California law incorporates many of the basic policy objectives contained in the Federal Arbitration Act, including a presumption in favor of arbitrability. (Engalla v. Permanente Medical Group, Inc. (1997) 15 Cal.4th 951, 971-72.) The California Arbitration Act (CAA) states that “[o]n petition of a party to an arbitration agreement alleging the existence of a written agreement to arbitrate a controversy and that a party to the agreement refuses to arbitrate that controversy, the court shall order the petitioner and the respondent to arbitrate the controversy if it determines that an agreement to arbitrate the controversy exists….” (Code Civ. Proc, § 1281.2.) “The party seeking arbitration bears the burden of proving the existence of an arbitration agreement, and the party opposing arbitration bears the burden of proving any defense, such as unconscionability.” (Pinnacle Museum Tower Assn. v. Pinnacle Market Development (US), LLC (2012) 55 Cal.4th 223, 236.)


I. Existence of Valid Agreement

            The RISC contains the following provision: “Any claim or dispute, whether in contract, tort, statute or otherwise . . . between you and us or our employees, agents, successors or assigns, which arises out of or relates to your credit application, purchase or condition of this vehicle, this contract or any resulting transaction or relationship . . . shall, at your or our election, be resolved by neutral, binding arbitration and not by a court action.” (Chu Decl., Ex. A.) Plaintiff’s claims arise from his purchase of the vehicle and its alleged defects. Therefore, the claims are covered by the arbitration provision.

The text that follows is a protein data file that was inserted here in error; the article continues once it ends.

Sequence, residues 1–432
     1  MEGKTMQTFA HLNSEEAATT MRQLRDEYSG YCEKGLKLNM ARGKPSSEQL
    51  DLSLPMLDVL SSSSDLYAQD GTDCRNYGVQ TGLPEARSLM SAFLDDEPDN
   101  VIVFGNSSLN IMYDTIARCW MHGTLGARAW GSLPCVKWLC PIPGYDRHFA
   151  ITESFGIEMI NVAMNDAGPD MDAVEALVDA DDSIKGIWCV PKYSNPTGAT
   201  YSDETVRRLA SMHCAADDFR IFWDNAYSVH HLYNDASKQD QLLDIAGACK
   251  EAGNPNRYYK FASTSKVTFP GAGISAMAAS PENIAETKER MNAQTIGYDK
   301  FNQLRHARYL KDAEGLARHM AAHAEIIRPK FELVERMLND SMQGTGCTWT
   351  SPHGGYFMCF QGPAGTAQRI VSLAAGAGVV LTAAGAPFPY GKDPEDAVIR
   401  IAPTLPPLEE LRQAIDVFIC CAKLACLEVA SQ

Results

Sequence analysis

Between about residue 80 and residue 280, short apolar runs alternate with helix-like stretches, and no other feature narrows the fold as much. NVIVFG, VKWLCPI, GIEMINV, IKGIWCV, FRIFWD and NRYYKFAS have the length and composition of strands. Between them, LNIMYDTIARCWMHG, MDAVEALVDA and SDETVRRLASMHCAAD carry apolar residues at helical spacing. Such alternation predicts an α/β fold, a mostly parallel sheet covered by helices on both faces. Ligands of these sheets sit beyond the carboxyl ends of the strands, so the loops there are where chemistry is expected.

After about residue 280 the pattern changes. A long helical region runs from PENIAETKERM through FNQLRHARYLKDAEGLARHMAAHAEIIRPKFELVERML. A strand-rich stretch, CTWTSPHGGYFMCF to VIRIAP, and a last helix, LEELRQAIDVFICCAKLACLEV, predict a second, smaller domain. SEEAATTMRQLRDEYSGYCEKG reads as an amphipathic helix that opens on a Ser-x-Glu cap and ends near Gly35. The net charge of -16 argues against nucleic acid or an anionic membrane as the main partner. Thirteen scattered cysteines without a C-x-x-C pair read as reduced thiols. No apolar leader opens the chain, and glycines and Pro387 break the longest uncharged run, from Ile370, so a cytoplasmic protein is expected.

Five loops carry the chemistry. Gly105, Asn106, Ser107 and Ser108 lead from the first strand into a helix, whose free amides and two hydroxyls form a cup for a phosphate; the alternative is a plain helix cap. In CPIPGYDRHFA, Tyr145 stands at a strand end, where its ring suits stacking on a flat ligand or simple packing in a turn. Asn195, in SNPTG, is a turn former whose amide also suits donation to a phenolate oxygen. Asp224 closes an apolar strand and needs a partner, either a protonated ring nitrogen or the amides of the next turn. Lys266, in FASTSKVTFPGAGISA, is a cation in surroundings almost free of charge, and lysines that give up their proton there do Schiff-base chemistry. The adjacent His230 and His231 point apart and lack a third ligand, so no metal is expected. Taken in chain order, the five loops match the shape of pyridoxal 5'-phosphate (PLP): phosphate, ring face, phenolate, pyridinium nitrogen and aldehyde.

Plaintiff signed the RISC in multiple places, including in a box labeled “Agreement to Arbitrate” which confirms that Plaintiff agreed to abide by “the Arbitration Provision on page 7 of this contract . . . .” (Ibid.) Plaintiff does not dispute that he signed the arbitration agreement and is not opposed to arbitration. Therefore, Defendants have presented sufficient evidence of a valid arbitration agreement.